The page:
Unfortunately, trade between Africa and the Caribbean has been much-too-minimal — almost non-existent – and just like the Europeans found ways to enhance their lucrative slave trade despite the oceans of distance separating the three points of their Great Triangle, the reversed 21st Century Middle Passage, in this age of Smart Business and The Internet of Things, can also be made to work for Africa and the Caribbean – and the South.
Centuries of trade dominated by and with Europe (more recently overtaken by Japan, the USA and other G7 nations) have crippled the African, Caribbean and Latin American regions, just as the Asia and Pacific regions; and the current global economic conditions have made everything worse for all.
But as the World Bank and the Caribbean Development Bank (CDB) have both revealed in their 2022 annual reports, the Caribbean and Latin America are feeling the worse ends of the global energy and food price increases in the post-COVID era; and small nations – particularly islands – are also feeling the brunt of the continuing Climate Changes, even though contributing the least to the causes.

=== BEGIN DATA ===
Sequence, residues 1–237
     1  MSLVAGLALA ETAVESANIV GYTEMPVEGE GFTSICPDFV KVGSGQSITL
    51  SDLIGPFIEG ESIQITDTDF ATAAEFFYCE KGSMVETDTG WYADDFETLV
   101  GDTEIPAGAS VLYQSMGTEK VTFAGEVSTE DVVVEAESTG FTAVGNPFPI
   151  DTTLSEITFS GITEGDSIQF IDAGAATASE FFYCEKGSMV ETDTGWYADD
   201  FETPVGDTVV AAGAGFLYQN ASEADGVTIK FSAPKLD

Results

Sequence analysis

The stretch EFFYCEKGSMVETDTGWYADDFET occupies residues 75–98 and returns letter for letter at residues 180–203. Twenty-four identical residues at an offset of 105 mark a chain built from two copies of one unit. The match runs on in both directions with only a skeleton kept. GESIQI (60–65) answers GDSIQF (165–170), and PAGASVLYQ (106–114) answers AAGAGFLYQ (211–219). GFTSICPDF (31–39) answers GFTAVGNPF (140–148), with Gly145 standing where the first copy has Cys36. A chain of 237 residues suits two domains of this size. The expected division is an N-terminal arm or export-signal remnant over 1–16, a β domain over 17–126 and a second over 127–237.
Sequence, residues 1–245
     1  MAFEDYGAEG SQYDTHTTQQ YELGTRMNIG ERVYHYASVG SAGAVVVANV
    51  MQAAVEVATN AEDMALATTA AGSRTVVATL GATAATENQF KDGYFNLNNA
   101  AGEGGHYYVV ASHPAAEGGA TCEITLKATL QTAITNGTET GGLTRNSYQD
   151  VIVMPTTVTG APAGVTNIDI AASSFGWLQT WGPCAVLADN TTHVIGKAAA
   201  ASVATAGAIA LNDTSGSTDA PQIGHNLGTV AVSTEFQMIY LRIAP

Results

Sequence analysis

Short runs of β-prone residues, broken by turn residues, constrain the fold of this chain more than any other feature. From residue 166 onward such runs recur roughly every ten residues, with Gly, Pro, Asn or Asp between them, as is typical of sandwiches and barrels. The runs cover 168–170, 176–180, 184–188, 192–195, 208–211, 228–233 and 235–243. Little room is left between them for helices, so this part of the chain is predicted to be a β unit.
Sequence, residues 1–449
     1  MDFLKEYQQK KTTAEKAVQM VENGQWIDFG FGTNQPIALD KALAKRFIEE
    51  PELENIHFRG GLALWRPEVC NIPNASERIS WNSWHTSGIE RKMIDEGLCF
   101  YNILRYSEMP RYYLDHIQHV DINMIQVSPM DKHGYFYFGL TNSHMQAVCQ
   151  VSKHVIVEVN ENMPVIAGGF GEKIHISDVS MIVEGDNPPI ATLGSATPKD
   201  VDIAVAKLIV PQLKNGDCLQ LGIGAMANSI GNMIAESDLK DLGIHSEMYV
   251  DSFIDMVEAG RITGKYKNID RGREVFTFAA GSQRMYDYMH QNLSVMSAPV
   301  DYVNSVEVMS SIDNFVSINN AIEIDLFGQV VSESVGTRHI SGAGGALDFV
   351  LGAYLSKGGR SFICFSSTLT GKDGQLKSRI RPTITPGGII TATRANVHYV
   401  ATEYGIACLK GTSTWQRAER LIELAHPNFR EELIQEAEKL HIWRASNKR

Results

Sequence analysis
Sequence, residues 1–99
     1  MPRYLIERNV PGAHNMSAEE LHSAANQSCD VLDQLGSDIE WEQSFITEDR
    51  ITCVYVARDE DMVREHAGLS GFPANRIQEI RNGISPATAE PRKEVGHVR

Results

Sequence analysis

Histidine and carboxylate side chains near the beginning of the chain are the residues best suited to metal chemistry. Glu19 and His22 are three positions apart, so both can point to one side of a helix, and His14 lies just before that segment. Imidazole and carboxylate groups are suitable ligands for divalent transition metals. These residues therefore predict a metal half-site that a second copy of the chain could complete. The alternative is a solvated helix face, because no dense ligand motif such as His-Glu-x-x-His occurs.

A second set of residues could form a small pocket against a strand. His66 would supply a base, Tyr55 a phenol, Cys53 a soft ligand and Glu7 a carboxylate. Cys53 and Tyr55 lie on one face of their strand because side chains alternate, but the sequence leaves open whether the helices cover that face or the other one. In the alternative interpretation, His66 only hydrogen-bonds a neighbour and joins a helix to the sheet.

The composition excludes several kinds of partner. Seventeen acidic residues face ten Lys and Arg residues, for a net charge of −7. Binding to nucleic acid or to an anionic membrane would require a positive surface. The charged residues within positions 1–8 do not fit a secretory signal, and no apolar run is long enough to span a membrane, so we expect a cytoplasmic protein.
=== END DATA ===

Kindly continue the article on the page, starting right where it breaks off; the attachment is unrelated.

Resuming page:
With the world heading into a record second recession in less than the first quarter of the 21st Century and Europe and North America suffering climate and weather tragedies and disasters earlier thought to have been exclusive only to the South, the international multilateral institutions like the World Bank and the International Monetary Fund (IMF) are admitting that during the three years of the COVID pandemic, the world’s rich got fabulously richer — and the poor only got poorer, famine following food shortages and price increases causing even more hunger in the richest nations.